Too much fun to miss!!!...This band can really groove with a vengeance.

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The Two
River Times - April 1996 - by Uncle Mike

Dropped by The Downtown Cafe in the Big R. B. to check out Herd Of Blues.   Hopscotching across the state from Bernardsville to New Brunswick, this Trenton based blues band is starting to make a lot of noise on N.J.'s blues scene.  Featuring Big Joe Leming on vocals, Guy DeRosa (harp), Steve Kaish and Mark Hill (guitars), Bo Child (bass) and Neal Kaufman (drums), Herd of Blues have taken the traditional Chicago-styled blues, added a little funk, a whole lotta fun and created one of the tightest houserockin' blues bands around.  And their performance at The Downtown Cafe lived up to their rep.

While things started off a little slow due to some minor technical problems, Big Joe and the boys hit their groove about five songs into their first set and ripped off seven straight killer numbers including, James Cotton's "Ying Yang" (great Big Easy feel), Paul Butterfield's "Born In Chicago" (hot harp), "Rockin' Robin" (rockin' instrumental/big bass), "Our Love Is Crazy" (new original/one of their best), Willie Dixon's "My Babe" (big time groove), Buddy' Guy's "Mary Had A Little Lamb" (smokin' lead g.) and "Mutha Gooz Blooz" (big vocals/band ripped it/best original/best of set), before closing out the set with impressive renditions of "Further On Up the Road" (just ruff enuff), "Torn Down" (da blues), "She Never Let's Me In" (cool original) and Stevie Ray's "Pride And Joy" (great closer).

Look.  You don't have to be a big time blues fan to dig these guys.  If you like to dance, have fun, or just breathe, Herd of Blues is your kind of band.  You can catch them at Jason's in South Belmar on April 18th, The Downtown Cafe on May 31st and at "The 9th Annual Jersey Shore Jazz And Blues Festival" at Riverfest on June 1st at 4:00 p.m.  So, do yourself a favor and checkem' out!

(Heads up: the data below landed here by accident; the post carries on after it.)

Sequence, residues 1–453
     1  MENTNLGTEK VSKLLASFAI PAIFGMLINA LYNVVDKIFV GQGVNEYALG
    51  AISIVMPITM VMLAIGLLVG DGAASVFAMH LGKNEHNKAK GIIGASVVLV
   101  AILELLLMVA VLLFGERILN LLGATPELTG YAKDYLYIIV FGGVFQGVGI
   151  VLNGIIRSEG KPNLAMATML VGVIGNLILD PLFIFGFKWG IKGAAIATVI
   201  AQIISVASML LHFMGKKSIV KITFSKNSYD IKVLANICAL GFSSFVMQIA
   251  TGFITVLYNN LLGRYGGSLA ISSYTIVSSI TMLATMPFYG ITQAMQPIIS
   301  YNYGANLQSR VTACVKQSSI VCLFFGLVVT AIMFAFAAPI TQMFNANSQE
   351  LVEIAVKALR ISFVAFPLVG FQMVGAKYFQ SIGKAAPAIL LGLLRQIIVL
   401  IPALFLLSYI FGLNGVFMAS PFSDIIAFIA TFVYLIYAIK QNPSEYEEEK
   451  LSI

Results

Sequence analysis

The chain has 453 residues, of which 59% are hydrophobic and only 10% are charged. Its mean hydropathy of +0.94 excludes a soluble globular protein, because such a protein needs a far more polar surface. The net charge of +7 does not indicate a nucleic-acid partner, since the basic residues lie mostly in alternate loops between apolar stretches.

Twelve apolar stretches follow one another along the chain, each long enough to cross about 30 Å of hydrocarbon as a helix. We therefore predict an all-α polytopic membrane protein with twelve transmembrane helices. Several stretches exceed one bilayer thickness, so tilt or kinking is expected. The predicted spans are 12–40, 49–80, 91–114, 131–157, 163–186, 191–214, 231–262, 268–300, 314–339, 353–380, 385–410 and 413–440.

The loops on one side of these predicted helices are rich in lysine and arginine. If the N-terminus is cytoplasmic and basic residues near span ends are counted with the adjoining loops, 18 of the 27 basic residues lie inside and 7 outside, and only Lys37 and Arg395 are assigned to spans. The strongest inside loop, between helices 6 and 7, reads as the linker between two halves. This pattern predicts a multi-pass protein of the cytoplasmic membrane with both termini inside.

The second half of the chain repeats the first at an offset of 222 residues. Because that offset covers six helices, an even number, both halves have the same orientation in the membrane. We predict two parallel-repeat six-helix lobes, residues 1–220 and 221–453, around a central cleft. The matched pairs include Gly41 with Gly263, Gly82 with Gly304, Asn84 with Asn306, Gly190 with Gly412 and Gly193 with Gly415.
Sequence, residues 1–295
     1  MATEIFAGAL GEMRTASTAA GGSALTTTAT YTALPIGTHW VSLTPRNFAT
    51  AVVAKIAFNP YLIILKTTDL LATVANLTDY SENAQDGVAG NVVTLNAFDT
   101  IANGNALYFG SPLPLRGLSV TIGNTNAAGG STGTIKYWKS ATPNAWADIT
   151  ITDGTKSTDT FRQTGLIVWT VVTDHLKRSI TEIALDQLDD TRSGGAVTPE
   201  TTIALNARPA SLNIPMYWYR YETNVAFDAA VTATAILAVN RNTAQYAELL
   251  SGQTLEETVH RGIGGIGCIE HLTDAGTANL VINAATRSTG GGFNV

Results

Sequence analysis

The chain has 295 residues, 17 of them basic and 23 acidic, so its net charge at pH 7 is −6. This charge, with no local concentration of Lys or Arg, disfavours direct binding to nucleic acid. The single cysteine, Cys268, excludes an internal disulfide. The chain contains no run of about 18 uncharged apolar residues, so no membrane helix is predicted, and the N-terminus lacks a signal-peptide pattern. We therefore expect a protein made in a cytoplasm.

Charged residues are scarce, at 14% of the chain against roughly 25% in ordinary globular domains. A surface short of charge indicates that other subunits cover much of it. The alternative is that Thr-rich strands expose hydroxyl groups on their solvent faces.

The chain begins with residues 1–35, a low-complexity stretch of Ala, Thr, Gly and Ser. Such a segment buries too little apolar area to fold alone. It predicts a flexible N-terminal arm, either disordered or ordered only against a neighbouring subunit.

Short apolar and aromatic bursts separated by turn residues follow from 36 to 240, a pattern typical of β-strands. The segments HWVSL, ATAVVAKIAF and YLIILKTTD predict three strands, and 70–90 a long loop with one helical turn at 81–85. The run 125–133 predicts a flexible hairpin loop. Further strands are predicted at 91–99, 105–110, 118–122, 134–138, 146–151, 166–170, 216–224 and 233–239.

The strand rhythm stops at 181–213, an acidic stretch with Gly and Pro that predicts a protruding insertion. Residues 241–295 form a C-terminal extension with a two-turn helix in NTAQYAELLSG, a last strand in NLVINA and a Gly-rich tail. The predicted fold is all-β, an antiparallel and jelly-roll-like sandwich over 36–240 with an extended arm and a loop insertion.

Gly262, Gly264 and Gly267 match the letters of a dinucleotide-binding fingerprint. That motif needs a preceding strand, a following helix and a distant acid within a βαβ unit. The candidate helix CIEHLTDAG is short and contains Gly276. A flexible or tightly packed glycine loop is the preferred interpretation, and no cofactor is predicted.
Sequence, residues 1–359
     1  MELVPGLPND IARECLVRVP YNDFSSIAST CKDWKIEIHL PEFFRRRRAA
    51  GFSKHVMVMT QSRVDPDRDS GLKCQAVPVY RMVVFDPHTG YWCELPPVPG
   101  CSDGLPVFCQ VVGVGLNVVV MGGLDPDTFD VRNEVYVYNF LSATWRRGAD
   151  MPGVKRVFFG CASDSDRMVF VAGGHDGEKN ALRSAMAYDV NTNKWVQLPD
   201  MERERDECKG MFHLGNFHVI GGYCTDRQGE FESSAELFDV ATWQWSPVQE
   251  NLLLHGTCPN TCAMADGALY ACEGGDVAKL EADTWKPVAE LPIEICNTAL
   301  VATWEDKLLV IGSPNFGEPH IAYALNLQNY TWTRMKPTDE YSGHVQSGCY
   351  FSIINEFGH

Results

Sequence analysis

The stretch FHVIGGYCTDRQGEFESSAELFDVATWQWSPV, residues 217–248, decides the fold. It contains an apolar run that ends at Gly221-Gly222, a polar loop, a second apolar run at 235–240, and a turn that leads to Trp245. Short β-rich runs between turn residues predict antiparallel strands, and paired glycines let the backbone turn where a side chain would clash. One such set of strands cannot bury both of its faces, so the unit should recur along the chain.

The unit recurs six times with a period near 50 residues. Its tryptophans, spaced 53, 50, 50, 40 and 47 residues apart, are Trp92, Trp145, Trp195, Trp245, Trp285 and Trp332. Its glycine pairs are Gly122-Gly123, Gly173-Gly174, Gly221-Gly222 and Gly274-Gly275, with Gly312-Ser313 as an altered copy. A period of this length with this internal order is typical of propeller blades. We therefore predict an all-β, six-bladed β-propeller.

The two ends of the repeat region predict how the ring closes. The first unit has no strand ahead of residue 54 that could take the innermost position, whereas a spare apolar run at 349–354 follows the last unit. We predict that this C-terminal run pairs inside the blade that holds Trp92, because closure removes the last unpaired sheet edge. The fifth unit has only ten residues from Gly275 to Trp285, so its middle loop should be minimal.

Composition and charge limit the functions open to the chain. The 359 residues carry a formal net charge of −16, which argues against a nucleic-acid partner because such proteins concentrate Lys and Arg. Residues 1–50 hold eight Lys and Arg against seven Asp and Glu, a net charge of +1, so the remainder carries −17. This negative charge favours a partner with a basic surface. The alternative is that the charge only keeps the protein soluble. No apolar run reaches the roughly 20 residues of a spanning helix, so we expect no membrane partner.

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Blues Connection
- December 1998 - by Red Dog

This Trenton, New Jersey sextet aptly titled their debut disc, as they get heavy musically and thematically.  Powerful electric excursions into rock'n'roll such as "Lovesick" with a hint of Chuck Berry, and almost morbid motifs are laid down on "Dead Man's Blues" and "Blues Junkie" make this interesting.  The sound often has a "houserockin'" feel to it, but the lyrics aren't always funny - for example "Mr. Daniels."  Also on the plus side are the percussive genius of Joe Leming and Neal Kaufman:  give a listen to "Our Love Is Crazy" and "Mama Rolls" for some thumpin' with a twist, or the funky breaks of "Delivery Man."  Another plus is this is all original material.   Live, the upbeat stuff will sell tickets and get people out on the floor, but don't overlook the intense slow blues offerings here.  These bottom-heavy blues and gut-wrenching harmonica from Guy DeRosa hit the blues bulls-eye.

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Blue Revue
- March 1999 - Tom Hyslop's "Blues Bites"

Heavy Tracks is a varied and classy set from New Jersey's Herd of Blues.  Harp player Guy DeRosa stands out, and Steve Kaish and Mark Hill add tasty guitar parts.   Tough funk, smoky grooves, cool minor-key stuff and a throwback rumba-blues keep the rhythms from getting stale.  The tunes are all originals, including "Blues Junkie," the new "Blues Bites" theme song.